27. Lota of other interpretations are possible, just as you say, but 17 “works of the flesh” + 9 “fruit of the Spirit” + “vain glory, provoking one another, envying one another” = 29.

  28. You people are so moralistic.
    What about fun-ication?

  29. David Marjanović says:

    I’ve only seen “fornication” used as “unspecified sexual acts the speaker disapproves of or jocularly pretends to disapprove of”. Probably limited to heterosexual situations. However, German seems to lack a comparable word…

    the distinction understood at the time between celibacy (no sex) and chastity (no inappropriate sex)

    What? I thought celibacy means “no marriage” except in recent English usage, and chastity means “no sex”?
    (Of course celibacy used to imply chastity.)

  30. David Marjanović says:

    Forgot to mention that I’ve seen American fundamentalists use glory in ways that have nothing to do with reputation. The Mormon meaning(s) may be especially bizarre.

  31. this old-fashioned and judgmental-sounding word
    Don’t judge as they do NOT as I say! Oh, the hypocrisy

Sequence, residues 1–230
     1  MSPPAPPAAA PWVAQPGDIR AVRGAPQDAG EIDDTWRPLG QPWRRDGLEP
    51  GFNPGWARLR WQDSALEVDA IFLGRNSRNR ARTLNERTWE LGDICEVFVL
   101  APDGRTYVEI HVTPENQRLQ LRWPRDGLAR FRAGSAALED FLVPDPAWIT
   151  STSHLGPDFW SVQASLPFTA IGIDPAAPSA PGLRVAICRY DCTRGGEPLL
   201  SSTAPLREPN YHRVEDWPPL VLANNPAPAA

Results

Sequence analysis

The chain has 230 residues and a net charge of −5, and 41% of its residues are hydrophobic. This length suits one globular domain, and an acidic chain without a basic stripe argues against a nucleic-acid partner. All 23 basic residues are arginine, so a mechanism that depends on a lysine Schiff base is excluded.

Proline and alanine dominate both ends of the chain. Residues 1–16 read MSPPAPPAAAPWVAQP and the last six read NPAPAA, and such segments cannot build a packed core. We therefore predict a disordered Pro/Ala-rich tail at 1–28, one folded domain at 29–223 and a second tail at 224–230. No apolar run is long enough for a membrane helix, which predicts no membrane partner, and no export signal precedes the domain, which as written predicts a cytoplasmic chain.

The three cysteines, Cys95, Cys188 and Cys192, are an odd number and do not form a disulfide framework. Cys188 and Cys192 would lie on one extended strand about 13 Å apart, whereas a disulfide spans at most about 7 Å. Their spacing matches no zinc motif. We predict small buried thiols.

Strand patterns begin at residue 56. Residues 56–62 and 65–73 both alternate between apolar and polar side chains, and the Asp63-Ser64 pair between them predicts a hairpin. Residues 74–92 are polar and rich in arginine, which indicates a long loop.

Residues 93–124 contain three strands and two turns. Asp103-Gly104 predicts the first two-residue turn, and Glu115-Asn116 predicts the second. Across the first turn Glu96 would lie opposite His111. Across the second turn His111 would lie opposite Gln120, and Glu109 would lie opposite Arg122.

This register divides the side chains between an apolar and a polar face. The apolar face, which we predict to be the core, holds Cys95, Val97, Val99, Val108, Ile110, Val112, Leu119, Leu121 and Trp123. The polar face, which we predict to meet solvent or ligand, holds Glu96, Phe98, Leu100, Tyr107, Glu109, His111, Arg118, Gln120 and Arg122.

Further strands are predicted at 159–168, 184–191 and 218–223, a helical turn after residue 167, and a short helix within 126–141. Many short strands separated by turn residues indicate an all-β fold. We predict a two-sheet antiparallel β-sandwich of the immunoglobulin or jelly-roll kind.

32. What about the etymology that says that supposedly “forni” were the archways all over Rome you could slip into to do the nasty because there was never an privacy at home, supposedly the same etymon as for ‘oven’.
    I hope it’s valid, because if it is, what a perfect name for a pastry shop.

  33. Rodger C says:

    Re spraints and scats, has anyone brought up fewmets?

  34. “Fewmets” I know from, I believe, the story of King Pellinore in The Once and Future King. But there is another dung-word lurking on the edge of memory.

  35. The electrification thread seems to be closed, but I am tantalized (if “tantalize” is a transitive verb) by David Marjanovic’s comment about the “Baghdad battery”:
    A magic device that just so happens to be a very, very, very, very weak battery but was intended to protect the building by quite different means.

  36. Yeah, sorry, I was driven to desperation by floods of spam that kept coming in even as I was deleting it, so I closed all the threads. I’ve reopened the most recent ones, and am keeping my fingers crossed.